Based on the structural similarity, the similar physico-chemical properties and the similar acute oral toxicity between FeNa-EDDHA and MEAHA-Fe, identical conclusions are drawn for the read-across target MEAHA-Fe.

Endpoint:
acute toxicity: dermal
Type of information:
read-across from supporting substance (structural analogue or surrogate)
Adequacy of study:
supporting study
Reason / purpose:
read-across source
Reason / purpose:
read-across: supporting information
Key result
Sex:
male/female
Dose descriptor:
LD50
Effect level:
> 2 000 mg/kg bw
Based on:
test mat.
Mortality:
No mortalities occured in this study.
Clinical signs:
Piloerection and hunched posture were seen, being common symptoms in acute dermal tests.
Body weight:
- day 14:
- males: 320 ± 12 g
- females: 243 ± 7.7 g
Gross pathology:
At necropsy no deviations from normal morphology were found.
Interpretation of results:
GHS criteria not met
Conclusions:
The LD50 for acute dermal toxicity of FeNa-EDDHA is greater than 2000 mg/kg body weight.

Based on the structural similarity, the similar physico-chemical properties and the similar acute oral toxicity between FeNa-EDDHA and MEAHA-Fe, identical conclusions are drawn for the read-across target MEAHA-Fe.
Executive summary:

The toxic effects of FeNa-EDDHA in the albino rabbit were investiagte according to the OECD Guideline 402 on Acute Dermal Toxicity. Ten healthy albino rabbits were dosed dermally in a limit test with a unique concentration of test material at a dose level of 2000 mg/kg body weight.

Approx. 24 hours before treatment an area on the back of the rat of at least 10% of the body surface was shaved with an electric clipper. The test substance was evenly dispersed on the skin. It was covered with a gauze-lined semiocclusive dressing fastened around the trunk with an adhesive elastic bandage. After 24 hours the dressing was removed and the skin was cleaned with lukewarm water.

The animals were observed daily for signs of mortality, toxicity and pharmacological effects. Bodyweights were recorded immediately before application and on days 7 and 14. All animals were examined for gross pathology.

All animals survived the 2000 mg/kg bw dermal application. Piloerection and hunched posture were seen in the study, being common symptoms in acute dermal tests. Body weight changes were normal. At necropsy, no deviations from normal morphology were found. The LD50 of FeNa-EEDHA is greater than 2000 mg/kg body weight.

Based on the structural similarity, the similar physico-chemical properties and the similar acute oral toxicity between FeNa-EDDHA and MEAHA-Fe, identical conclusions are drawn for the read-across target MEAHA-Fe.

Endpoint conclusion
Endpoint conclusion:
no adverse effect observed
Dose descriptor:
LD50
Value:
2 000 mg/kg bw
Quality of whole database:
The original study is a Klimish 1 guideline study.

Additional information

Oral route

In an acute oral toxicity study with Acetic acid, oxo-, sodium salt, reaction products with 2-aminoethanol and phenol, sodium hydroxide and iron trichloride (MEAHA-Fe) according to OECD Guideline 423, the LD50 in Sprague-Dawley rats was determined to be greater than 2000 mg/kg bw. Body weight development was not impaired. No deaths occurred in both studies.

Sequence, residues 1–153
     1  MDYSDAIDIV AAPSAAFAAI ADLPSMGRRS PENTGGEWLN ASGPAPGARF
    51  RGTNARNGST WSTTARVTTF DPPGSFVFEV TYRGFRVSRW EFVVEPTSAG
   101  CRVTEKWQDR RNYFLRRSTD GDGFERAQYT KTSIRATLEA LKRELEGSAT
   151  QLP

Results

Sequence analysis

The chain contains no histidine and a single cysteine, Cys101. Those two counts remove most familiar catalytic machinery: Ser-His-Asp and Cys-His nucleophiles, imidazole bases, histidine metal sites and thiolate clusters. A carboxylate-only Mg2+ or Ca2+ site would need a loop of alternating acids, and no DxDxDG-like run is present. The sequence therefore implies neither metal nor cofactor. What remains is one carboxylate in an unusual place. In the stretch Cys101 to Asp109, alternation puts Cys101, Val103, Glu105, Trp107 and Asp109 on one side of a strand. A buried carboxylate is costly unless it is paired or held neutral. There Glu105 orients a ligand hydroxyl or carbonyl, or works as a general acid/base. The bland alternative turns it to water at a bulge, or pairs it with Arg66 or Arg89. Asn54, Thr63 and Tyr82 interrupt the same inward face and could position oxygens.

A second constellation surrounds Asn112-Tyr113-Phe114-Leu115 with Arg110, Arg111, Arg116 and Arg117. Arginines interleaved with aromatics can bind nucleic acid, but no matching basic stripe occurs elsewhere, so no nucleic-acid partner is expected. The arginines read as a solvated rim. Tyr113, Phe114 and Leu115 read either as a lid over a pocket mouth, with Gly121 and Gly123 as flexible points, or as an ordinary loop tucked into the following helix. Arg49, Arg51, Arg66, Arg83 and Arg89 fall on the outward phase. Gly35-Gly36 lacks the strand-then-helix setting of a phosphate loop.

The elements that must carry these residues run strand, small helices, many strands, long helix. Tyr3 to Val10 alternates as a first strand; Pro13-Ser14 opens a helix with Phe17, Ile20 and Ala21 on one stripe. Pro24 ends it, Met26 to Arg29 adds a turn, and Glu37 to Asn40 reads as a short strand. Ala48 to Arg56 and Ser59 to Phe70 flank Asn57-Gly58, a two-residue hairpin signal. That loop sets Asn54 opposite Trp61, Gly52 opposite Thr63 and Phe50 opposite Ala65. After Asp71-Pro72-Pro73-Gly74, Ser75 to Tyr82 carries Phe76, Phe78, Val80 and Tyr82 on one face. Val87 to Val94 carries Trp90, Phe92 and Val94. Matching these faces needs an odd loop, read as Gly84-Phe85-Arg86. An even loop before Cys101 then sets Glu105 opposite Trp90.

Inhalation route

An acute inhalation toxicity study, according to OECD Guideline 403 was performed in albino rats for the substance Acetic acid, oxo-, sodium salt, reaction products with ethylenediamine and phenol, iron sodium salts (FeNa-EDDHA, CAS 84539-55-9, EC 283-044-5). Upon a four-hour acute inhalation exposure and a 14-days post-treatment observation period, no mortalities were elicited by the test item at a concentration of 4202 ± 188 mg/m³. From the absence of mortalities it can be assumed that the LC50 for FeNa-EDDHA to both sexes is greater than 4200 mg/m³ air. The animals of both sexes exposed to the test article experienced the symptoms piloerection and dyspnoea to a similar extent. They recovered within 5 days. At autopsy, no deviations from normal morphology could be detected in all animals. Based on the structural similarity, the similar physico-chemical properties and the similar acute oral toxicity between FeNa-EDDHA and MEAHA-Fe, identical conclusions are drawn for the read-across target MEAHA-Fe.

Dermal route

Two acute dermal toxicity studies (limit test), according to OECD Guideline 402 were performed with Acetic acid, oxo-, sodium salt, reaction products with ethylenediamine and phenol, iron sodium salts (FeNa-EDDHA, CAS 84539-55-9, EC 283-044-5) in albino rats and Sprague-Dawley CD strain rat.

All animals survived the 2000 mg/kg bw dermal application. No mortalities occurred in both studies and body weight development was not impaired.

The acute dermal LD50 -values of FeNa-EDDHA were considered to be greater than 2000 mg/kg bw. Based on the structural similarity, the similar physico-chemical properties and the similar acute oral toxicity between FeNa-EDDHA and MEAHA-Fe, identical conclusions are drawn for the read-across target MEAHA-Fe.

Justification for classification or non-classification

Based on the results of the acute oral toxicity study with MEAHA-Fe and read-across from acute inhalation and dermal toxicity studies with the structural analogue FeNa-EDDHA, MEAHA-Fe ( Acetic acid, oxo-, sodium salt, reaction products with 2-aminoethanol and phenol, sodium hydroxide and iron trichloride) is not subject to classification and labelling for acute toxic effects according to Regulation 1272/2008/EC.